Blueback (Kids)

While researching Australia’s deteriorating coral reefs, marine biologist Abby (Mia Wasikowska; Alice in Wonderland,) receives word of her elderly mother Dora’s (Radha Mitchell; Man on Fire) stroke. As she rushes to her seaside hometown to care for Dora, Abby recalls her childhood years spent living in concert with the ocean, and her mother’s efforts to protect the bay from greedy developers and invasive fishermen alike, often to the detriment of their own relationship. Among the coral gardens, Abby also befriends a rare fish, the blue groper — affectionately named Blueback — a tether to her environmentalism, and the key to reminding Abby and Dora of their love for each another and the vulnerable waters they call home. Also starring, Eric Bana (Troy, Lone Survior, The Time Traveler’s Wife).

Cat Person (Premieres)

Margot (Emilia Jones; CODA), a college student working concessions at an art house theater, meets frequent filmgoer — and rather older local — Robert (Nicholas Braun; Succession), on the job. Flirtation across the counter evolves into continuous texting. As the two inch toward romance, shifts between them, awkward moments, red flags, and discomforts pile up. Margot feels both attached and reticent, as her gnawing hesitations blossom into vivid daydreams where Robert realizes his most threatening potential. As her distrust and uncertainty mount, an evening, their relationship, and possibly their lives unravel. Isabella Rossellini (Blue Velvet, Fearless), Michael Gandolfini (The Many Saints of Newark), Hope Davis (American Splendor, About Schmidt), and Fred Melamed (A Serious Man, Barry) appear in this film.

A still from Eileen by William Oldroyd, an official selection of the Premieres program at the 2023 Sundance Film Festival. Courtesy of Sundance Institute.

Eileen (Premieres)

Based on the book of the same name by literary powerhouse Ottessa Moshfegh, Eileen follows a peculiar young woman whose dreary life stretches on toward unending misery. In frigid 1960s Boston, Eileen (Thomasin McKenzie; Jojo Rabbit, Last Night in Soho) shuffles between her father’s dingy, emotionally haunted home and the prison where she works alongside colleagues who have ostracized her. When an intoxicating woman (Anne Hathaway; The Devil Wears Prada, Rachel Getting Married) joins the prison staff, Eileen is taken. Just when the possibility of a salvational friendship (or maybe more) takes hold and forms a singular glimmer in Eileen’s darkness, her newfound confidant entangles her in a shocking crime that alters all.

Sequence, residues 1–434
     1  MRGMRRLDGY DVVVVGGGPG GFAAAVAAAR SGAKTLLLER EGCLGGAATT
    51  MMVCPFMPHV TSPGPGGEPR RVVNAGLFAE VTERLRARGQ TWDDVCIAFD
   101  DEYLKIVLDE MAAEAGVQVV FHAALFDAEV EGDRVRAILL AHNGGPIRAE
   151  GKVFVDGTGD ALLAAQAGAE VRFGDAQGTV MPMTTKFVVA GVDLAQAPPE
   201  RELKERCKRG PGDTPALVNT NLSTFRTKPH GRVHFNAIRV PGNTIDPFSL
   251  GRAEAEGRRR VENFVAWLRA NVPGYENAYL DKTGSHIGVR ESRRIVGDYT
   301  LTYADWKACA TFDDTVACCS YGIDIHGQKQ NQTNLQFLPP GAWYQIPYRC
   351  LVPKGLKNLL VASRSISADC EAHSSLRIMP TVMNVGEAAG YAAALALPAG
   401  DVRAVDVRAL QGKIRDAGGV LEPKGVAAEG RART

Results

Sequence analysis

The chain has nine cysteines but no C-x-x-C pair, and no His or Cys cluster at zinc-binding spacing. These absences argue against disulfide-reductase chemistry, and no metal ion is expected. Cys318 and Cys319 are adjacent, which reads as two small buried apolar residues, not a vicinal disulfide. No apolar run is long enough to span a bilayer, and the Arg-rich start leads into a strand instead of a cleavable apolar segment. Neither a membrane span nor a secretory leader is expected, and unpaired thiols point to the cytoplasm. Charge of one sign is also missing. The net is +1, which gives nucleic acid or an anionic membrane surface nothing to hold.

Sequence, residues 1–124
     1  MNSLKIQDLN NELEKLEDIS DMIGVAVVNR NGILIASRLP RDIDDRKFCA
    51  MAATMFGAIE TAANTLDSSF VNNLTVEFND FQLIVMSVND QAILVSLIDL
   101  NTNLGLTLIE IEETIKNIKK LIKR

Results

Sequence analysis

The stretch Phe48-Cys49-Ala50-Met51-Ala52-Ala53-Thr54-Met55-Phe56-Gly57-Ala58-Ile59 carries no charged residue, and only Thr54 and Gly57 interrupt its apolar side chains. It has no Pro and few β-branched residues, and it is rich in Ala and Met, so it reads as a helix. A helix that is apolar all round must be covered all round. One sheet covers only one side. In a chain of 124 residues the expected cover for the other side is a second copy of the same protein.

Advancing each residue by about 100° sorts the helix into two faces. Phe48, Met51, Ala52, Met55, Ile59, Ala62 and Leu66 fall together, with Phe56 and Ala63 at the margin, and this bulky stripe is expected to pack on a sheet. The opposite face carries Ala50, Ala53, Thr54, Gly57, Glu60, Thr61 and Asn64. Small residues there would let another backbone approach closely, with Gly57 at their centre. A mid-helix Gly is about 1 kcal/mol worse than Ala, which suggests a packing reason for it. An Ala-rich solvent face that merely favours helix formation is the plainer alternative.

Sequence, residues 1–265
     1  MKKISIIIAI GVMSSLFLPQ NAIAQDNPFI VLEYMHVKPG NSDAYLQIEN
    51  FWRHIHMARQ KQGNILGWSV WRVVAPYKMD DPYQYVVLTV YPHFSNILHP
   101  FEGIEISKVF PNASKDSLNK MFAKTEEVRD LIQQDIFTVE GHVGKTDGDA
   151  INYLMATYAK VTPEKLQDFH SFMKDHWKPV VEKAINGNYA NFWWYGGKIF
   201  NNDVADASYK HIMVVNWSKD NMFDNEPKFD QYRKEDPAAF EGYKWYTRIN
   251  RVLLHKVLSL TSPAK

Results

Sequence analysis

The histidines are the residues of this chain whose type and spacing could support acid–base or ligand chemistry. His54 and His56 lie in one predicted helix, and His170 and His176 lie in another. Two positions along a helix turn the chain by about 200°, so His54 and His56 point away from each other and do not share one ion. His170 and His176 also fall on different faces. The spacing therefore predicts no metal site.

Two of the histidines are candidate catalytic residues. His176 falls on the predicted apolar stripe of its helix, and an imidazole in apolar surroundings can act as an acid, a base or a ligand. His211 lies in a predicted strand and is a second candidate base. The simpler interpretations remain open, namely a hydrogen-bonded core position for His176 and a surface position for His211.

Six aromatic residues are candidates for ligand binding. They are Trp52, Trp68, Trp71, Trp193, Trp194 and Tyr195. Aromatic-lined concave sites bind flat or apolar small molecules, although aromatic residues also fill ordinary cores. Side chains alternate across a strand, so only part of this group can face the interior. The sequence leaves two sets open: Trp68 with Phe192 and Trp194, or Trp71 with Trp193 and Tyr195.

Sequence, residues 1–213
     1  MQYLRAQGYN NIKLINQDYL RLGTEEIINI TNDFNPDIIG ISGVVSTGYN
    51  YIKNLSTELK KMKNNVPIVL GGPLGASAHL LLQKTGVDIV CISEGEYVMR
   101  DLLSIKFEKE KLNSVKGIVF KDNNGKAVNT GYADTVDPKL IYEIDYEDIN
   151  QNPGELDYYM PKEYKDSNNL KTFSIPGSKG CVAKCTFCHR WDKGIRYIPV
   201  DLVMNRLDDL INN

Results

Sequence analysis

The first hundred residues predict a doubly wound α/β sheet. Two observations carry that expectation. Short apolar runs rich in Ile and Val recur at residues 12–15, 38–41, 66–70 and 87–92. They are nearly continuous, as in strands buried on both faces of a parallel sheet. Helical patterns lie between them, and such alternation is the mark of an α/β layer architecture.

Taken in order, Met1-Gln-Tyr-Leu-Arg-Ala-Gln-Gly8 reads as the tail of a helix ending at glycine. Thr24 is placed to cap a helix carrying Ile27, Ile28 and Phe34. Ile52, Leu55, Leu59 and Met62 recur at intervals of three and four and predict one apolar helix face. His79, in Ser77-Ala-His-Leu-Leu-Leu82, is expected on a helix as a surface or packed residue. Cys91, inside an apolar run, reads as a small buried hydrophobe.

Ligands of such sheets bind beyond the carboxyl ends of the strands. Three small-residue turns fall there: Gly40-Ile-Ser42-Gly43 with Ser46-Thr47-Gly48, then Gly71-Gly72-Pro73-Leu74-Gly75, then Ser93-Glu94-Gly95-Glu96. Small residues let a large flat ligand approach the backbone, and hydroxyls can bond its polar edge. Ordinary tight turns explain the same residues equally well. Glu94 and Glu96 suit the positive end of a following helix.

Fair Play (U.S. Dramatic Competition)

Hot off the heels of their new engagement, thriving New York couple Emily (Phoebe Dynevor; Bridgerton) and Luke (Alden Ehrenreich; Solo, Hail, Caesar!) can’t get enough of each other. When a coveted promotion at a cutthroat financial firm arises, supportive exchanges between the lovers begin to sour into something more sinister. As the power dynamics irrevocably shift in their relationship, Luke and Emily must face the true price of success and the unnerving limits of ambition.

Fairyland (Premieres)

Following the sudden and tragic death of her mother, young Alysia (Emilia Jones) is uprooted by her father Steve (Scoot McNairy; Argo, 12 Years A Slave) in hopes of restarting his life. They move to 1970s San Francisco where Steve develops his poetic and personal writing and begins to openly date men. Steve’s bohemian lifestyle clashes with the expectations of parenthood from both the outside world and Alysia herself, who occasionally wishes for less of the independence her father gives her. As Alysia grows into a young woman on the cusp of adulthood, their bonds and duty to each other are tested in painful and sudden ways. Geena Davis (Thelma & Louise, A League of Their Own), Bella Murphy (Coming 2 America), Cody Fern (American Horror Story, Father Stu), and Adam Lambert (American Idol) appear in the film.

A still from Flora and Son by John Carney, an official selection of the Premieres program at the 2023 Sundance Film Festival. Courtesy of Sundance Institute.